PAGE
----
W.R. “Bob” Watt Jr. was a hero to many who love the Fort Worth Stock Show & Rodeo.

“When we look at the rodeo today, we have Bob Watt to thank for a lot of it,” said Elaine Agather, chairman of the Dallas Region for JPMorgan Chase & Co.  and current Stock Show secretary. “He quietly and consistently improved the rodeo, the stockyards, the grounds, year after year.” 

Watt served for 33 years as president and general manager of the Southwestern Exposition and Livestock Show, more commonly called the Fort Worth Stock Show & Rodeo. He died on Nov. 9 at his home in Fort Worth. He was 88 years old.

Agather  vividly recalled that when, in 1991, she asked to ride in the prestigious Grand Entry to the rodeo, she wasn’t sure what he would say.  

“Here,  I’m this banker, this young blonde banker, and I wanted to ride in the Grand Entry, and he let me. Now, at the same time, he did tell me, ‘You got to ride them all. If you’re going to ride one, you got to ride them all,’” she said. “He didn’t want me to be a one-trick pony.” 

Watt was born in Fort Worth, on March 29, 1934, to Helen Wallace Watt and W.R. Watt Sr. He attended Arlington Heights High School in Fort Worth and Hill School in Pottstown, Pennsylvania. Watt received a bachelor of science degree in animal husbandry from Oklahoma State University at Stillwater, Oklahoma. Watt began part-time work between college semesters in 1955 and was elected to the organization’s board of directors in 1958, remaining on the governing body for 64 years. He served in various Stock Show superintendent roles before being named assistant to the livestock show and horse show managers in 1963. He became president and general manager in 1978 after having served in a variety of positions. He was named president emeritus upon his retirement in 2010.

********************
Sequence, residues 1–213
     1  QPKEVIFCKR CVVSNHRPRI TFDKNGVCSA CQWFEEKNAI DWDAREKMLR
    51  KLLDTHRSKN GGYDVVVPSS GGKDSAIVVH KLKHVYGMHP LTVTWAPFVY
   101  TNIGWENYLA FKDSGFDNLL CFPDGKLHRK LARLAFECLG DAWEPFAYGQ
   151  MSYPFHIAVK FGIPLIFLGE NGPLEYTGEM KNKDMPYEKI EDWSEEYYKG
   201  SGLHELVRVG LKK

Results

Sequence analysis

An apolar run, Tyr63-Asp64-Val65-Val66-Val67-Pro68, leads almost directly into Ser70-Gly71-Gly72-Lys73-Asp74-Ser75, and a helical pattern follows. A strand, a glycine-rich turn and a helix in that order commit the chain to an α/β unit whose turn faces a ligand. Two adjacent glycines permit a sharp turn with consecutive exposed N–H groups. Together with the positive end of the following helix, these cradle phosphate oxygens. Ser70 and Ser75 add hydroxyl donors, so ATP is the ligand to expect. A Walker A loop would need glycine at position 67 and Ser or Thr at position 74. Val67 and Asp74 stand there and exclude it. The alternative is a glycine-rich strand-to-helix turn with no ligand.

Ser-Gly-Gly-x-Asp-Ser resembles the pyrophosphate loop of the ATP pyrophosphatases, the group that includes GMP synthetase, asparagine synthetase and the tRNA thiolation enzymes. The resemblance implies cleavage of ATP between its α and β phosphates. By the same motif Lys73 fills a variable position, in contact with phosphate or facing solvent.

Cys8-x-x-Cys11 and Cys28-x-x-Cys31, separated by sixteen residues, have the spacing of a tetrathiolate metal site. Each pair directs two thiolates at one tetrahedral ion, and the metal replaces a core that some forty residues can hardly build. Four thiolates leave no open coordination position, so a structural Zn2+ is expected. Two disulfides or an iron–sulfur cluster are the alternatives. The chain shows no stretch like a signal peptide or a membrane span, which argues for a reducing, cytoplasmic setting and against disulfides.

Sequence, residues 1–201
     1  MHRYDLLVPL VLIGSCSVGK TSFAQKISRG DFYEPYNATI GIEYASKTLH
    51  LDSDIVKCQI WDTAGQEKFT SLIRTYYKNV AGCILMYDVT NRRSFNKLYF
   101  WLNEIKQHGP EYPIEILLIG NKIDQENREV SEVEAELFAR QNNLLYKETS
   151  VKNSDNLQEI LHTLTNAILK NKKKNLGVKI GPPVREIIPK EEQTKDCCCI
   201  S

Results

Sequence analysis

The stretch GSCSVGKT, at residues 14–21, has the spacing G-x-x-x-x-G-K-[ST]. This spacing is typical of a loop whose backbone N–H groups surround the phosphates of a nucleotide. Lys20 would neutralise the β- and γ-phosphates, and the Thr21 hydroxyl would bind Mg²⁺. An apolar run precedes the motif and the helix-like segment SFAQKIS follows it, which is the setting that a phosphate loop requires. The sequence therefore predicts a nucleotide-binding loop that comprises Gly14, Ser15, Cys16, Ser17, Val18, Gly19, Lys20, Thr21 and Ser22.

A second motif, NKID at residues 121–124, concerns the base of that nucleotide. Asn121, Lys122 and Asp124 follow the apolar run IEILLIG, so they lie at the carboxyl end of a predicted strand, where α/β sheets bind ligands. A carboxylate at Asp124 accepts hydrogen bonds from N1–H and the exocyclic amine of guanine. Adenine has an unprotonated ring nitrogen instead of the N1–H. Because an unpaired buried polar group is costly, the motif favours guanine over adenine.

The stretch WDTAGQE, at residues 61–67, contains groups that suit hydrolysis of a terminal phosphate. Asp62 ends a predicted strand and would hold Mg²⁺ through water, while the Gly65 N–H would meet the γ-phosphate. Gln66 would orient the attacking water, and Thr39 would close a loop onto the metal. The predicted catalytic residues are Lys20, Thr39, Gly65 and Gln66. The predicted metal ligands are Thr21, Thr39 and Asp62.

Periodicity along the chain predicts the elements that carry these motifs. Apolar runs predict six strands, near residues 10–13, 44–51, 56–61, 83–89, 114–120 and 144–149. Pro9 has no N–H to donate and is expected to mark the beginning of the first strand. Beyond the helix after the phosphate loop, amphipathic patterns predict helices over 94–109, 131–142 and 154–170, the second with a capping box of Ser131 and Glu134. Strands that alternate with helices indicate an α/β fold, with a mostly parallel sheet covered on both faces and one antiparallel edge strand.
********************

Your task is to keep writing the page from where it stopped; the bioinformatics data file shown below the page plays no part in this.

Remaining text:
“Bob leaves a legacy at the Fort Worth Stock Show & Rodeo that will likely be unmatched,” said Bradford S. Barnes, Stock Show president and general manager, in a statement. “His modest and humble demeanor obscured the tremendous impact he had on not just the Stock Show but the growth of the Will Rogers Memorial Center and the crucial groundwork that brought about Dickies Arena. Fort Worth, Texas has lost a great advocate and friend.”

Mayor Mattie Parker said Watt was one of Fort Worth’s greatest advocates. 

“From his leadership at the Fort Worth Stock Show & Rodeo to his work on Will Rogers Memorial Center and Dickie’s Arena, he leaves a monumental legacy that will endure forever in our city’s history,” Parker said in a statement. 

Edward Bass, Stock Show chairman, pointed to Watt as a mentor and inspiration. 

“I’m truly blessed to have known him as a friend and Stock Show role model,” he said in a statement. 

Bass said the Stock Show “soared to great heights during his tenure, largely due to his skill, hard work and dedication.” 

Watt began part-time work between college semesters in 1955 and was elected to the organization’s board of directors in 1958, remaining on the governing body for 64 years. Watt served in various Stock Show superintendent roles before being named assistant to the livestock show and horse show managers in 1963. He ascended to the position of president and general manager, succeeding his father in the role, in 1978 after having served a variety of roles. He was named President Emeritus upon his retirement in 2010.

Watt was not one for seeking the spotlight, several area officials said, but his quiet leadership was strong, effective and long lasting. 

Jim Austin, one of the founders of the National Multicultural Western Heritage Museum and a local businessman, said Watt was on his board and helped give the museum credibility.